- Tropical Storm Zeta setting records this week
- Tropical Storm Zeta becomes 27th named storm of season, could bring moisture to North Carolina later this week
- Tropical Storm Zeta forms, on path to approach Gulf Coast
- Tropical Storm Zeta forms in the Atlantic, on path to approach Gulf Coast
- Tropical Storm Zeta forms near Cuba, expected to strengthen
With Hurricane Florence making landfall Friday morning at Wrightsville Beach, Charlotte waited and braced for the storm’s impact .
At the coast, the (Raleigh) News & Observer reported that hundreds of people were rescued or awaiting rescue as floodwaters rose in New Bern. More than 92,000 Duke Energy customers were without power in New Hanover County and 24,470 in Carteret County were in the dark — almost all of Duke’s customers there. Storm surges and rising tides battered the coast.
Meanwhile, Friday started partly cloudy and cooler in Charlotte, with an 18 mph wind and gusts over 30 mph, the National Weather Service reported.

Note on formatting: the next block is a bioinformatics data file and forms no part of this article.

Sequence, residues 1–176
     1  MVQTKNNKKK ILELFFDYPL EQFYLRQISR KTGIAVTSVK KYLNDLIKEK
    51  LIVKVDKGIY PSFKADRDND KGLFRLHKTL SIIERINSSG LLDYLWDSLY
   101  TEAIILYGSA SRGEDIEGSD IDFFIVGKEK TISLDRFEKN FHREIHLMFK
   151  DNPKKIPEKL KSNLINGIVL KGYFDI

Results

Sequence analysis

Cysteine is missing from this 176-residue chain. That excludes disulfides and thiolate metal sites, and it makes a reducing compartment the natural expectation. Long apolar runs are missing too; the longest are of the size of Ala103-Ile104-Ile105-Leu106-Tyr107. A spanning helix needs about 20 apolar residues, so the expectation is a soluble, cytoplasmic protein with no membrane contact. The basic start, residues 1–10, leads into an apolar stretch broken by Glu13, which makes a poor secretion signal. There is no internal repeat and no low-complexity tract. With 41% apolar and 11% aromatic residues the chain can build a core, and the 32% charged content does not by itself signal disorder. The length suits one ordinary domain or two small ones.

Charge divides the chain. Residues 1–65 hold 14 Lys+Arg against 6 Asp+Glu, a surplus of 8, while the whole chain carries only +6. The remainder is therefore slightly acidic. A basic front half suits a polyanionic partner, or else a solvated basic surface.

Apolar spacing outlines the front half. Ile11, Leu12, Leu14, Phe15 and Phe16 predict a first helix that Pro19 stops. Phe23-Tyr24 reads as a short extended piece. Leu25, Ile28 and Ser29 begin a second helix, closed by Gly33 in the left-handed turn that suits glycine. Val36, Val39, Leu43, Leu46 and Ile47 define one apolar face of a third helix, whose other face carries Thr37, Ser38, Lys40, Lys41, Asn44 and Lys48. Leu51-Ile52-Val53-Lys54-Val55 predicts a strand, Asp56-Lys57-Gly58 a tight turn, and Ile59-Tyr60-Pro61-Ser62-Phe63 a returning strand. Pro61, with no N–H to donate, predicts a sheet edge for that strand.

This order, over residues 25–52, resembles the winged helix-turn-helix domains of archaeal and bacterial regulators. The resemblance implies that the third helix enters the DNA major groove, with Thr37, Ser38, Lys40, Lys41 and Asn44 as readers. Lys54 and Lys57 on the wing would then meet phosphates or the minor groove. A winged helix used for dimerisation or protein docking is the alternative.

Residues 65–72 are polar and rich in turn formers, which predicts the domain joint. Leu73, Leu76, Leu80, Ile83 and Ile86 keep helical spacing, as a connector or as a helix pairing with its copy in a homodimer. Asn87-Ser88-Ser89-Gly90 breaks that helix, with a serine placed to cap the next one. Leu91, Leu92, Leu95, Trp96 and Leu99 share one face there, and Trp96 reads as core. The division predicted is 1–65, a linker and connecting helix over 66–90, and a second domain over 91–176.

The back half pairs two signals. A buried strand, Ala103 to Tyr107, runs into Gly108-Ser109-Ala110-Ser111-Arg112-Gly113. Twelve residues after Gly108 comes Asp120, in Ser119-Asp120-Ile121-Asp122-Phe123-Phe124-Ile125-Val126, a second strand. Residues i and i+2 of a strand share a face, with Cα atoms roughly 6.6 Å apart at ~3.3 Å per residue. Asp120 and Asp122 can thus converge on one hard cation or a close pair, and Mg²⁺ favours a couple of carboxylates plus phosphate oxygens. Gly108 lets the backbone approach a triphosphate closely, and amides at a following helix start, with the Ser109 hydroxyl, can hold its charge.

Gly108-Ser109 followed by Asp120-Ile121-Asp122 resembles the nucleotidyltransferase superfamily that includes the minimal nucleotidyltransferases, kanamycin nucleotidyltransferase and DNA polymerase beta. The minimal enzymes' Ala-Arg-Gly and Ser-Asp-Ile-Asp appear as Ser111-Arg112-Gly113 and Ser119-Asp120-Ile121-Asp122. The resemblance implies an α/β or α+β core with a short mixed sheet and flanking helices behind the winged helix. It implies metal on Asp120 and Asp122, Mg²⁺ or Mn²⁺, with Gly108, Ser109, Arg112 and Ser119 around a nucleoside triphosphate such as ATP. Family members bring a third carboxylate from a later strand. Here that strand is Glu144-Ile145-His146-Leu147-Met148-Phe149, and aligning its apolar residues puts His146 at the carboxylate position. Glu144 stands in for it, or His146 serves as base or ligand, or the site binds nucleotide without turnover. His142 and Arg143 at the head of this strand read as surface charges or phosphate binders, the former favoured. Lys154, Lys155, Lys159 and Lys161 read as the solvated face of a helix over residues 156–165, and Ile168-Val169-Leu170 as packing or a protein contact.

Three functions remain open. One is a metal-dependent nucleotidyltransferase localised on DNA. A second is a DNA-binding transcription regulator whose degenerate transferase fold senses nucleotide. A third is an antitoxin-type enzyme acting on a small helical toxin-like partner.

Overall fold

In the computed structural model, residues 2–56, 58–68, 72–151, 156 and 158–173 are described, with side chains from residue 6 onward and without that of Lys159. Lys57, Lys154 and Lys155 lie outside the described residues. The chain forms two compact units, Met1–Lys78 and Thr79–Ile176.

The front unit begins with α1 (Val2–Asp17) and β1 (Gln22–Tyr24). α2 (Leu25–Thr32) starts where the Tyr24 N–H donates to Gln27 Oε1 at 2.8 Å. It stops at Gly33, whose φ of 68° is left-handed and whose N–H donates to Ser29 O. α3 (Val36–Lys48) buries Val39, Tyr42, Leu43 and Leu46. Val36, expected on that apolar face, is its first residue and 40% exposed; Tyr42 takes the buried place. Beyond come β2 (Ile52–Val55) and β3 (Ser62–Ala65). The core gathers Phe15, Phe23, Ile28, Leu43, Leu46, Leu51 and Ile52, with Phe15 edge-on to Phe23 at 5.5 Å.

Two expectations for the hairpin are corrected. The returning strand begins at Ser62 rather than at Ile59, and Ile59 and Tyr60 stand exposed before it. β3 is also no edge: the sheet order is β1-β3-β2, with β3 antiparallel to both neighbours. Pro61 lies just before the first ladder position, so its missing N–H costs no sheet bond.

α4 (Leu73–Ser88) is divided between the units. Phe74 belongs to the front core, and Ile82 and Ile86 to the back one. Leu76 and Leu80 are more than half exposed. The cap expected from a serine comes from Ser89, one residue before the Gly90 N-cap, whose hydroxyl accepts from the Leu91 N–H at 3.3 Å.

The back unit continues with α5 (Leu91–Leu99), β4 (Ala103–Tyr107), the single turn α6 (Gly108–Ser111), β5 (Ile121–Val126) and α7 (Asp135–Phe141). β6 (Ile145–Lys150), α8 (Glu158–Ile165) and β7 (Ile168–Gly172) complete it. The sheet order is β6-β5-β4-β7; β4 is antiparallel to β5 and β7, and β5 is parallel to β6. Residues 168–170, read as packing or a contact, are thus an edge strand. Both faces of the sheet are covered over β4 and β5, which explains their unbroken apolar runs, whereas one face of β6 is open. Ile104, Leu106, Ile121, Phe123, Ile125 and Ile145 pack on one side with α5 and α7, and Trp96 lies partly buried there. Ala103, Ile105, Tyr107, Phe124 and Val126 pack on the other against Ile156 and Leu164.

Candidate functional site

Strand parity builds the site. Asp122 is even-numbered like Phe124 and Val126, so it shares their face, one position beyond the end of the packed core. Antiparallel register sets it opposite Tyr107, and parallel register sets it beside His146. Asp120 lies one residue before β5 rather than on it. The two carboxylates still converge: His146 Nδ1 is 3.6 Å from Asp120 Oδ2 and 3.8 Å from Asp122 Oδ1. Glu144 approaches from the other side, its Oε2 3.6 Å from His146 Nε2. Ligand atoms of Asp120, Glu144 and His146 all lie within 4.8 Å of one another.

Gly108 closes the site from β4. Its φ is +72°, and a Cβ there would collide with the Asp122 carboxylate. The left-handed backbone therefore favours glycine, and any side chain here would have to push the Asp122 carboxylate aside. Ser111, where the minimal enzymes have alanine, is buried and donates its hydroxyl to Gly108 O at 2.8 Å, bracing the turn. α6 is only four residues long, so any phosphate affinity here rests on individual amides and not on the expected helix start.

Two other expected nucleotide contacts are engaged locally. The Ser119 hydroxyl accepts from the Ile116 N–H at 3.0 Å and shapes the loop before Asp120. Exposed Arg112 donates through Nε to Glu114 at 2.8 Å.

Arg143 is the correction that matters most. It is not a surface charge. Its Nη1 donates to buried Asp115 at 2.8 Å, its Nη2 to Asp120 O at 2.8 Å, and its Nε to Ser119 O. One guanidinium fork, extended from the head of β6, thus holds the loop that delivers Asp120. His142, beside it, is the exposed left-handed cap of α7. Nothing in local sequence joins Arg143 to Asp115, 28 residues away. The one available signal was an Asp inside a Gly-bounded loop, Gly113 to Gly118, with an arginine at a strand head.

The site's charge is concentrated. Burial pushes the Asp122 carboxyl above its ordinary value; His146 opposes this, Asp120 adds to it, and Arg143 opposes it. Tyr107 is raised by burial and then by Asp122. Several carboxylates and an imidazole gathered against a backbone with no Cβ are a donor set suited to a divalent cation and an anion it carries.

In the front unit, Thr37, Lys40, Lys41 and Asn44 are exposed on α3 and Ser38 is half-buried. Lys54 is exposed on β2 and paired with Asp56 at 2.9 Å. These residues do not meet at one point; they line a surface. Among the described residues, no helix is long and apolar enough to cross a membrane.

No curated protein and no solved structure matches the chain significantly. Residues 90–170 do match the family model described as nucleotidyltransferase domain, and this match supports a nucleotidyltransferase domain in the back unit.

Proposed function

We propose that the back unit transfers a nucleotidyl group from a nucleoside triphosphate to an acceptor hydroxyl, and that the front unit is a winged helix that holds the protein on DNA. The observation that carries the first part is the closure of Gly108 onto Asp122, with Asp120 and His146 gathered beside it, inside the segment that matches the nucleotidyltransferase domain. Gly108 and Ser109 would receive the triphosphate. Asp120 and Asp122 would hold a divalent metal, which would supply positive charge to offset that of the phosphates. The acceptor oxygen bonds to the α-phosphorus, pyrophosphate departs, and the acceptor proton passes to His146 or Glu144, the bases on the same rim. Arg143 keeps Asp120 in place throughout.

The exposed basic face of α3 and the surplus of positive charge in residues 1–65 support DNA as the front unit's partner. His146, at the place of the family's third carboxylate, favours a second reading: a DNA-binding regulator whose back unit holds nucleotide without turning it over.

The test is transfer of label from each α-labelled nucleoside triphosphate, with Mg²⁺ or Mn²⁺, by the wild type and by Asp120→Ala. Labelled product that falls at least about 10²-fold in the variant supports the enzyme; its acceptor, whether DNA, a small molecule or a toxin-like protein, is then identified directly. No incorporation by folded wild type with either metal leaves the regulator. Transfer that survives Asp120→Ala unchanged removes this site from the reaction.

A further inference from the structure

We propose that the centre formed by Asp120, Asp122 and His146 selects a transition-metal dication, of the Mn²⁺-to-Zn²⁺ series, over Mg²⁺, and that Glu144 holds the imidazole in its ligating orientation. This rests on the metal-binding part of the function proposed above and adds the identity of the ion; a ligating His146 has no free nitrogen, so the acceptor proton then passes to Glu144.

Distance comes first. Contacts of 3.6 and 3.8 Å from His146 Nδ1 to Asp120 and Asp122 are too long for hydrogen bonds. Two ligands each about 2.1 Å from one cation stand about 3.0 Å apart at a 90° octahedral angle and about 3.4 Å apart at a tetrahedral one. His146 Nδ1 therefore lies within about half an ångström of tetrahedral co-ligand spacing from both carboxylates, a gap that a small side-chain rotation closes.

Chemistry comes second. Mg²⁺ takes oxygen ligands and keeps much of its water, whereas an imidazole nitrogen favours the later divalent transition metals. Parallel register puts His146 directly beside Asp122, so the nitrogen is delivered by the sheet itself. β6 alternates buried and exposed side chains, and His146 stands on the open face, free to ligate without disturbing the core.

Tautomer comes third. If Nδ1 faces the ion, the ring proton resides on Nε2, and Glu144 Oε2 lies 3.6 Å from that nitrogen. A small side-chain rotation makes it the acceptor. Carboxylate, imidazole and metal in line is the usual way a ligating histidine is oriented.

But conditions are expected to deteriorate over the weekend: The Charlotte region is in line to get 10 to 15 inches of rain — more than enough to cause flooding — and the region has a better than 50 percent chance of seeing sustained tropical storm-force winds (39 mph or higher).
Those winds are likely to arrive Friday during the day, the National Hurricane Center predicted. Charlotte will be at an “extreme” risk of flooding Saturday and Sunday, forecasters warn, as heavy bands of rain move in from the coast.
Duke Energy has warned that 1 million to 3 million of its customers could lose power over the next few days, out of a total customer base of 4 million. Charlotte Fire Department Chief Reginald Johnson warned residents earlier this week to be prepared to be without power for several days.
Charlotte city offices are closing at noon Friday, while Charlotte-Mecklenburg Schools and some other systems in the region, such as Union and Cabarrus counties, are closed as well. Charlotte Douglas International Airport is still open, though other regional airports including Wilmington and Charleston, are closed. Those closures have impacted some scheduled flights at Charlotte by main carrier American Airlines, but American has not started mass cancellations locally.
The Charlotte Area Transit System said buses and light rail are operating normally, but flooding this weekend could cause delays or route changes.
A flash flood watch will be in effect for Charlotte from Saturday through Monday.